What Is Normal Sexuality in Marriage?
Everyone wonders about this. Do our friends "do it" more often than we do? Does anyone else have this problem in which one partner has high desire, and other one has little to none? We must be really weird. Everyone wants sex, don't they?
The answer is no. Not really. More than 40 million Americans feel stuck in low-sex or no sex marriages. Research studies tell us that 1 in 3 women and 1 in 7 men reported little to no sexual desire. Sometime in a marriage more than 50% of couples experience one or both partners with little to no sexual desire.
Desire problems are most frequent complaint of couples entering sex therapy. They are also often unspoken complaint of couples entering relationship therapy.
In our sex saturated culture, this particular difficulty has a stigma, doesn't it? It's ok to admit to having a drug problem or mood disorder. But a sexual problem? No way! We're all supposed to be sexual superstars in our intimate relationships, aren't we?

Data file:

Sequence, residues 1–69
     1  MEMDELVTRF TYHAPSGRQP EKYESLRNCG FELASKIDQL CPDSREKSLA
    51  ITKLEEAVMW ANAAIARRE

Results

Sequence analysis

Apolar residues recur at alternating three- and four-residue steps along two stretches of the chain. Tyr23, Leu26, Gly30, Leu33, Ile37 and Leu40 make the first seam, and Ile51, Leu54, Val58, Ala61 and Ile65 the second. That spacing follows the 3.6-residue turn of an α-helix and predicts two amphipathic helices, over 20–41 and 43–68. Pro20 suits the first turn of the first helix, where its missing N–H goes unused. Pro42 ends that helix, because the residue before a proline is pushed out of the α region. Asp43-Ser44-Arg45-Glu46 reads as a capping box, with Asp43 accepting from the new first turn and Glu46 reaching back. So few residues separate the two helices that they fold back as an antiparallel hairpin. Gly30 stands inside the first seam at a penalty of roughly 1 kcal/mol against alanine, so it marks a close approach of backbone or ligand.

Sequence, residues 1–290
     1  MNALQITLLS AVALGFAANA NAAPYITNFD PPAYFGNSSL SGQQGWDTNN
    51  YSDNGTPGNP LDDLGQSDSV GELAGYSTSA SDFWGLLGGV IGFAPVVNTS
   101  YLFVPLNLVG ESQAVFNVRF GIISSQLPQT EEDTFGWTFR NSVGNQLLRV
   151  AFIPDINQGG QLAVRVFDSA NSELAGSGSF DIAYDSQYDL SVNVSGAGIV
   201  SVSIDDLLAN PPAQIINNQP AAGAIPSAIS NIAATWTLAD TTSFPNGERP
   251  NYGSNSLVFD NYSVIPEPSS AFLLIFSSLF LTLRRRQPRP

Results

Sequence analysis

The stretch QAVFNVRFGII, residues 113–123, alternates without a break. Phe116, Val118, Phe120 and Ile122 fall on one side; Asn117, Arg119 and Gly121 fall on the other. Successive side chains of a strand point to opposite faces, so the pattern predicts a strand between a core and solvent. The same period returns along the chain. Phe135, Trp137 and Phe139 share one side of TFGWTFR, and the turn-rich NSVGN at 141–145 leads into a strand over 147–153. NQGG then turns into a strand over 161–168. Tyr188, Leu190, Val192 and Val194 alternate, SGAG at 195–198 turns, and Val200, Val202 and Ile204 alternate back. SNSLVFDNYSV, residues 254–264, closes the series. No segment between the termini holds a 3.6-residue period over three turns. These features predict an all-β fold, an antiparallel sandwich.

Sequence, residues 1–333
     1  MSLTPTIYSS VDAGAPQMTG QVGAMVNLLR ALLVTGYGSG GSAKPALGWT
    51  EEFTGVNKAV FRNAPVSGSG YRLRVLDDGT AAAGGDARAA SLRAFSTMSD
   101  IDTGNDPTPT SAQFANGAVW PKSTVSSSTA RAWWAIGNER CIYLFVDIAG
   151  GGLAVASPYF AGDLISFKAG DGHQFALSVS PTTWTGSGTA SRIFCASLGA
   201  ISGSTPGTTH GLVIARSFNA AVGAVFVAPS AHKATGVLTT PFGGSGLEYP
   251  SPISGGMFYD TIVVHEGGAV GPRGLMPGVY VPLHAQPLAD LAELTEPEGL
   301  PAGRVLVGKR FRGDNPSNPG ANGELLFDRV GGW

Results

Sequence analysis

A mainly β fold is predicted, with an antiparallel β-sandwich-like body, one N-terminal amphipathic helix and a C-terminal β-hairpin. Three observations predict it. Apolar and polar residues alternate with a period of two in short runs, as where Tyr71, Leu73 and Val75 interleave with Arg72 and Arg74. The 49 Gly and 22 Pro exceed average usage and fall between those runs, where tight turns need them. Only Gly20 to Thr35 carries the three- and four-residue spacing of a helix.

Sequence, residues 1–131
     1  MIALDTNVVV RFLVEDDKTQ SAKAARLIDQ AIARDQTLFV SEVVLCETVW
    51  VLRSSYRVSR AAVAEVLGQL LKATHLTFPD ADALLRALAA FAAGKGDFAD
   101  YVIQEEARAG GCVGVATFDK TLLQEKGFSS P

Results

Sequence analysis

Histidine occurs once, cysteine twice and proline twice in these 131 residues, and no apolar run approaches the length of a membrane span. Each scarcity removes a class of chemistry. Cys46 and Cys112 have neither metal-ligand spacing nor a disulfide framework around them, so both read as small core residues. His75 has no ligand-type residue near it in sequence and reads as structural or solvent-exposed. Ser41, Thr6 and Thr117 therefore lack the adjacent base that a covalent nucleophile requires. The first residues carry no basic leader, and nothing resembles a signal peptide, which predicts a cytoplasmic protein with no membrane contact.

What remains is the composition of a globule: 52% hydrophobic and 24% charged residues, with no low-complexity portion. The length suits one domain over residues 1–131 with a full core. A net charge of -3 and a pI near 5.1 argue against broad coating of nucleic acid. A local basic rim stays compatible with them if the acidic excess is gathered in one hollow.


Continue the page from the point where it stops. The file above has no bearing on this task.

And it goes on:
Actually, sexual anxieties, inhibitions, and problems are norm. We're afraid of not doing it "right", like in movies and books. "Right" would be intercourse, with both parties craving each other all time and having simultaneous orgasms every time they're intimate.
Wrong! Healthy sexuality means giving and receiving touching that is pleasurable. It is not goal oriented, but process oriented. (The journey, not destination.) It allows both partners to enjoy pleasure. It varies. Sometimes one or both has an orgasm. Sometimes not. And that's ok. What's not ok is not caring about yours or your partner's needs.